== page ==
Sunday, December 25, 2011
This flat is a tuition centre
ABOUT 30 children were present in the classroom, heads bent over books while listening intently to their tutor as she barked out her instructions.
A bespectacled woman, who appeared to be in her 40s, stood at the front of the class, teaching mathematics to the children.
There were about 10 tables in the classroom and the students were seated on stools - furiously writing down the answers to the woman's questions
But this was no ordinary tuition centre. It's in an eighth-storey HDB flat in Yishun.
The whole living room in the four-room unit had been transformed into a classroom.
There were no sofas or armchairs in the living room.
Instead, the space was filled with tables laid out in neat rows.
A few children were even seated in the kitchen, trying their best to follow the lesson.
There was a whiteboard on the living room wall and high on another wall was a sign which said: "Ming Yuan Learning Centre".
The owner of the flat could be committing an offence by transforming it into a tuition centre.
Under HDB's Home Based Small Scale Business Scheme, home owners are permitted to conduct private tuition in their flats, but they can teach not more than three students at a time.
The flats cannot be used as tuition centres as they are meant for residential use.
HDB said yesterday that this is because a large number of students may cause noise or other form of nuisance to the neighbours when they move in and out of the flat while attending classes.
It added that cases of tuition centres operating from flats have been rare in the past three years.
It said that in 2008, there was an isolated case in Bishan where the flat owner converted the master bedroom into a "classroom" to conduct tuition classes of between eight and 10 students per class.
HDB warned the flat owner and he relocated his tuition centre to commercial premises.
As for the Yishun flat, HDB said it has made some discreet checks but it needs to conduct a more thorough investigation as its officers were unable to gain access to the unit.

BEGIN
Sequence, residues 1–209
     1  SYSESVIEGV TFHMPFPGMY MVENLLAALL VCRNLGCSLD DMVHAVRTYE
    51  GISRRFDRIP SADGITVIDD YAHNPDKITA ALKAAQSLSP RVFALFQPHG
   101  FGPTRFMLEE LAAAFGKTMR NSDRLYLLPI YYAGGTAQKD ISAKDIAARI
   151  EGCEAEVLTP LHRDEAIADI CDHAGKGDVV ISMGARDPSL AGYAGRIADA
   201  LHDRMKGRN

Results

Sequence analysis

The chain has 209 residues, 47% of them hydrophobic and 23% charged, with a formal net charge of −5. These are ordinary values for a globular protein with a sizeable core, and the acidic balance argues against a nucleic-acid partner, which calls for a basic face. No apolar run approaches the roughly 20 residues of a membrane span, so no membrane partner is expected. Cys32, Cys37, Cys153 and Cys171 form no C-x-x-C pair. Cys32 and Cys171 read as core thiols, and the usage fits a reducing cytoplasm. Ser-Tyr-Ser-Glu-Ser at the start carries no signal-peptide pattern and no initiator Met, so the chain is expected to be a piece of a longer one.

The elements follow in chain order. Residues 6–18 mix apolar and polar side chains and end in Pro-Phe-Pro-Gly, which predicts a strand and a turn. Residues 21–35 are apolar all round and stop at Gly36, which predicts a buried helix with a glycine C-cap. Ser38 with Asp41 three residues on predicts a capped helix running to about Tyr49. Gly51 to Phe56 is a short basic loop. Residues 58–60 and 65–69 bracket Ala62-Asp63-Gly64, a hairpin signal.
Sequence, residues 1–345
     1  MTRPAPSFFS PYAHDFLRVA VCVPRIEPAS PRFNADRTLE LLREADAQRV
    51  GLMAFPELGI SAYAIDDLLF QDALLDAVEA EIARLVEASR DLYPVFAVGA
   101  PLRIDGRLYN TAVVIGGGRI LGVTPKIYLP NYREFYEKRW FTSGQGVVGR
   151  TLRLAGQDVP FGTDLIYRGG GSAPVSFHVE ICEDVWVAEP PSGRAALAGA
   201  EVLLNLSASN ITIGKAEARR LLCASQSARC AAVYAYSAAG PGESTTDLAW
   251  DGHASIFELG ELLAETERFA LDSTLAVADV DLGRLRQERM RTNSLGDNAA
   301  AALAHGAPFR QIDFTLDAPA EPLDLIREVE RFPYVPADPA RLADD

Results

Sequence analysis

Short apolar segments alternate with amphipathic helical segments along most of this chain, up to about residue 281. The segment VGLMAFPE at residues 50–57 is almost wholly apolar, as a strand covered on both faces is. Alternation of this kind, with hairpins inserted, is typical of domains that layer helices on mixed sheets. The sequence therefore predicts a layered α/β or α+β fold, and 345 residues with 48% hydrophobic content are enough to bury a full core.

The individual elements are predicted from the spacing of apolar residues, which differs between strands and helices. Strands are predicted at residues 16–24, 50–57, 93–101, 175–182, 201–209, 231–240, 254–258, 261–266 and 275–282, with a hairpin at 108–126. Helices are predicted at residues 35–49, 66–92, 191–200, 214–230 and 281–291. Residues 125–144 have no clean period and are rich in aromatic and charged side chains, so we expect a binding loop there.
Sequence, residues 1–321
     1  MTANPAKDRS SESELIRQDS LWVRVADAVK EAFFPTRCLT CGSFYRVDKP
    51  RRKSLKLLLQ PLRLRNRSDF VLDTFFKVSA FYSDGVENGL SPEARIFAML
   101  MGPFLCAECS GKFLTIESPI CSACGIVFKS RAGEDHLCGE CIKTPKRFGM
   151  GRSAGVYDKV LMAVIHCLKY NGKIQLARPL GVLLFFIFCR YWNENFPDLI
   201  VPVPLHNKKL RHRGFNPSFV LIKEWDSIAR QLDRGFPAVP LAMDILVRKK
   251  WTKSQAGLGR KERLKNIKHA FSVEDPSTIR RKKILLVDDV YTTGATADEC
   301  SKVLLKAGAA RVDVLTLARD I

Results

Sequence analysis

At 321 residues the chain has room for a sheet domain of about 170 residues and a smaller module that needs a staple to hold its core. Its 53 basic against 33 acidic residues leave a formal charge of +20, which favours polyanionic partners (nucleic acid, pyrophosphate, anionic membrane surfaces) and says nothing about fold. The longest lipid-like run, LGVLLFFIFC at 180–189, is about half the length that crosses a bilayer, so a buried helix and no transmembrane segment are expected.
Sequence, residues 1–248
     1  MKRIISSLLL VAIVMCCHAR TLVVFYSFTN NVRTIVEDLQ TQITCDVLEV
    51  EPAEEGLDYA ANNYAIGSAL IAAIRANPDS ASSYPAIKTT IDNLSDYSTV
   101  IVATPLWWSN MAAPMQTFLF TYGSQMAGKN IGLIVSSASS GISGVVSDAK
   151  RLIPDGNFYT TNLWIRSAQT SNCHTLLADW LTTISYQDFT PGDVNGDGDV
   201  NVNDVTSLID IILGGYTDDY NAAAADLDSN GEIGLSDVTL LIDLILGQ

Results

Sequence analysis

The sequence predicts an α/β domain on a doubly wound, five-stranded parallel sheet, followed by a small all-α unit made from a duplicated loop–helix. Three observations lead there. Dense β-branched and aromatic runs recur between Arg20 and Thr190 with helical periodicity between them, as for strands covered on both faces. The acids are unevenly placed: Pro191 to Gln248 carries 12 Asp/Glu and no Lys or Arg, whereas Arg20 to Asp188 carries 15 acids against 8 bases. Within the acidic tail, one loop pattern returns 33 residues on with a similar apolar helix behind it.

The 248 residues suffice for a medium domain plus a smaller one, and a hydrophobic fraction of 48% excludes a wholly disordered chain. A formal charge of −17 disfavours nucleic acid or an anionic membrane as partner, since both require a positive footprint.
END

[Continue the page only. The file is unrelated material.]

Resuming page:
HDB said that if the lessee is indeed using the flat as a tuition centre for more than three students at any one time, it will not hesitate to take enforcement action.
Posing as a parent interested in enrolling a child with the centre, this reporter checked out the flat last week.
Near the front door, facing the corridor, was a colourful display about the size of a dining table.
Pasted on it were copies of certificates and testimonials, believed to be from the tutor's students.
The tutor, who is also the flat owner, said she teaches English, Mathematics and Science to primary school students.
"I teach all three subjects at $64 per student a month, about two hours per lesson, twice a week," she said.
"I don't teach just one subject - it's $64 for all three subjects."
While I was there, the woman spoke sternly to the students and even hollered at some of them for not listening to her instructions.
She had asked the students, who will be in Primary Four next year, to list the multiples of certain numbers as part of their lesson.
After about 30 minutes, she said it was time for me to leave. When asked about her qualifications, she snapped back: "I have a diploma in teaching."
As for whether she had received her training at the National Institute of Education, she replied that she is not a teacher
Asked where she had obtained her diploma, she said curtly: "If you want to try, you can try lor... If you don't trust me, then you don't come lor... It is as simple as that."
At the void deck of the block, one of her students, when approached, claimed that she canes students who misbehave.
The parent of another child was surprised when told of this, but said the learning centre offers one of the cheapest packages around and that it was "value for money".
Yesterday, TNP called the tutor and asked if she is aware that she could be in breach of HDB rules.
She said she is confident she is not. She said she is a single parent and has been conducting tuition for 19 years as she needs the money to support her son who has a mental problem.
The woman added: "My neighbours have never complained about my classes. In fact, they are very friendly with me."
A check with two tuition centres showed that her fees are much lower.
Mavis Tutorial Centre, which has 16 branches islandwide, charges up to $90 per subject per month for primary school students.
Its human resource manager, Ms Kelly Sim, said each weekly lesson lasts 90 minutes.
She added that the centre is transparent about the qualifications of its tutors.
Mr Max Tan, a tutor at True Learning Centre, said it charges up to $125 per subject per month for two-hour weekly classes.
Mr Tan, who used to head the Mathematics Department at Hwa Chong Institution, said: "Our tutors are all extremely qualified and their credentials are clearly stated on our website."
Need to register
Tuition centres are required to register with the Ministry of Education (MOE) as they operate as schools.
Tuition agencies do not have to be registered with the MOE, but have to be registered with the Accounting and Corporate Regulatory Authority.
They supply and deploy tutors to students.
Between January and July this year, the Consumers Association of Singapore (Case) received 11 complaints against tuition centres and private tutors, mypaper reported on July 7.
Nineteen such complaints were filed with Case last year, four more than in 2009
The New Paper | Thu Dec 22 2011